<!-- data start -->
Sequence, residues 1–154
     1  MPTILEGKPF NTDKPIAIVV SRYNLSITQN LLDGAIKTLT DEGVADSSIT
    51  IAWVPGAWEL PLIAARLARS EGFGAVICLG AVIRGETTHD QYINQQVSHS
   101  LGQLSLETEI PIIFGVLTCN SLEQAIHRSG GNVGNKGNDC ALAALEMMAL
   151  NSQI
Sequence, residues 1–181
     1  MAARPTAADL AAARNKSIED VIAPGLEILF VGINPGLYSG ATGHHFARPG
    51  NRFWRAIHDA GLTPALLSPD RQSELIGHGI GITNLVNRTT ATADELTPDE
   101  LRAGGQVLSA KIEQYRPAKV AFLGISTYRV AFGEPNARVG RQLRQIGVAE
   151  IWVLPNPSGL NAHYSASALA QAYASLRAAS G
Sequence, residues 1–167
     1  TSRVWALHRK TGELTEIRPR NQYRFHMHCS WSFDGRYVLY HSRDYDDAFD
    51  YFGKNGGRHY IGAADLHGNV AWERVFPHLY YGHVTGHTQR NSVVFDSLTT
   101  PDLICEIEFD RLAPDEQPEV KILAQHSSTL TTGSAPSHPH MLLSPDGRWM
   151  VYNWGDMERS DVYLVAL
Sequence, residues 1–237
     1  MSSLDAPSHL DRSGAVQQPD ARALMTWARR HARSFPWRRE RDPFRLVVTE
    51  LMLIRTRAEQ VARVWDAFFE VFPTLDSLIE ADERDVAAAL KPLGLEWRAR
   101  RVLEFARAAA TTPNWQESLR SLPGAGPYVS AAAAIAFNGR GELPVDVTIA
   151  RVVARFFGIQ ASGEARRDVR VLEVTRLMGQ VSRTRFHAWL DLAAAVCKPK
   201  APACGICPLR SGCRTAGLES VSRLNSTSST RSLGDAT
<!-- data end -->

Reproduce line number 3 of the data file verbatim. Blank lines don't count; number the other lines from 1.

    51  IAWVPGAWEL PLIAARLARS EGFGAVICLG AVIRGETTHD QYINQQVSHS